This story is over 5 years old.

A Tribe Called Red on Standing Rock and Native American Political Protest: "It's An Exciting, Scary Time Right Now"

Ahead of their North American tour, ATCR's 2oolman discusses the state of indigenous political protest from Standing Rock and beyond.

Photos courtesy of Falling Tree Photography/A Tribe Called Red

Since April, members of the Standing Rock Sioux Nation have been camped out in North Dakota to halt the proposed Dakota Access Pipeline, which they believe threatens their only water supply and will harm sacred cultural sites. Thousands of people representing nearly all of North America's indigenous communities, along with many non-Natives, have joined the protest, pledging to hold their ground through the winter.


All three members of A Tribe Called Red—DJ NDN (Nipissing First Nation), Bear Witness (Cayuga First Nation), and 2oolman (Mohawk First Nation)—are from tribes that stand in solidarity with Standing Rock. The Ottawa-based, Juno award-winning group have supported the indigenous community since their inception, emerging in 2008 from a monthly party, Electric Pow Wow, that Bear Witness and DJ NDN started at Ottawa's Club Babylon in an effort to create a safe space for the city's indigenous people. The idea was to create a nightclub version of the pow wow—the celebratory music and dance ceremony common to indigenous people across North America. Soon the party took on a life of its own as the crew began mixing dubstep, moombahton, trap, and whatever else was rattling the low-end of club sounds blended with indigenous call and response chants.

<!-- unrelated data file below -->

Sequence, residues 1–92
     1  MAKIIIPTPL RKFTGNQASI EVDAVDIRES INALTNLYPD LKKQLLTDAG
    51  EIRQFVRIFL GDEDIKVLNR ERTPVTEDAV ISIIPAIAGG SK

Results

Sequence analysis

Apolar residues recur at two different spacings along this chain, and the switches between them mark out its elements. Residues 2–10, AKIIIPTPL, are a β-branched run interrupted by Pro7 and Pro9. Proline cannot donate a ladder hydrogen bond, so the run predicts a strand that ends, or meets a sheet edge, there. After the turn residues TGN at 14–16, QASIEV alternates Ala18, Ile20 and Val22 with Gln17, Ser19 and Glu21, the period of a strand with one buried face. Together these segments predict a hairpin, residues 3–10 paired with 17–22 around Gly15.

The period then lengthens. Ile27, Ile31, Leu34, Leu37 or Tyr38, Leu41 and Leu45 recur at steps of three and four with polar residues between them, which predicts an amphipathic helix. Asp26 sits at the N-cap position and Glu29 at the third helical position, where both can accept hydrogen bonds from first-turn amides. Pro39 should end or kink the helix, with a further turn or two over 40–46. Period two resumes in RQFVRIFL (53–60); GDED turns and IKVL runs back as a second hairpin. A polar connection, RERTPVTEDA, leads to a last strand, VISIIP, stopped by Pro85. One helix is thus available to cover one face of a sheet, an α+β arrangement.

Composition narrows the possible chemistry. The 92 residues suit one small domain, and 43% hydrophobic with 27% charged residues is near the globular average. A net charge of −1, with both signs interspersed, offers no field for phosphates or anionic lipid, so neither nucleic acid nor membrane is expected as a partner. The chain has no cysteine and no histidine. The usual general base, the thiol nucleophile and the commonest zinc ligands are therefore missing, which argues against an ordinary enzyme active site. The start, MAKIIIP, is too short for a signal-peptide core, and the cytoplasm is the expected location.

Since then, the group has continued to support indigenous activism. In 2012, the group recorded "The Road" in tribute to the Idle No More movement, which was launched in response to an epidemic of missing and murdered indigenous women in Canada. To spark a government inquiry, a female First Nations chief went on a six-week liquid-only hunger strike while camped out in a tepee on an island across from Ottawa's Parliament Hill. The bold move took place in A Tribe Called Red's backyard. The group has also spoken out against cultural appropriation, including asking non-native fans not wear headdresses at shows and calling out racist sports team names.


On this year's We Are the Halluci Nation, A Tribe Called Red flexes their established credentials with wide-ranging collaborations, including Inuk throat singer Tanya Tagaq, veteran American rapper Yaasin Bey (formerly known as Mos Def), and Colombian-Canadian art pop artist Lido Pimienta. The album titled was bestowed by American Indian Movement activist John Trudell, who participated in the 1969 All Tribes' takeover of Alcatraz. Trudell passed away in December of last year shortly after recording the album's opening incantation.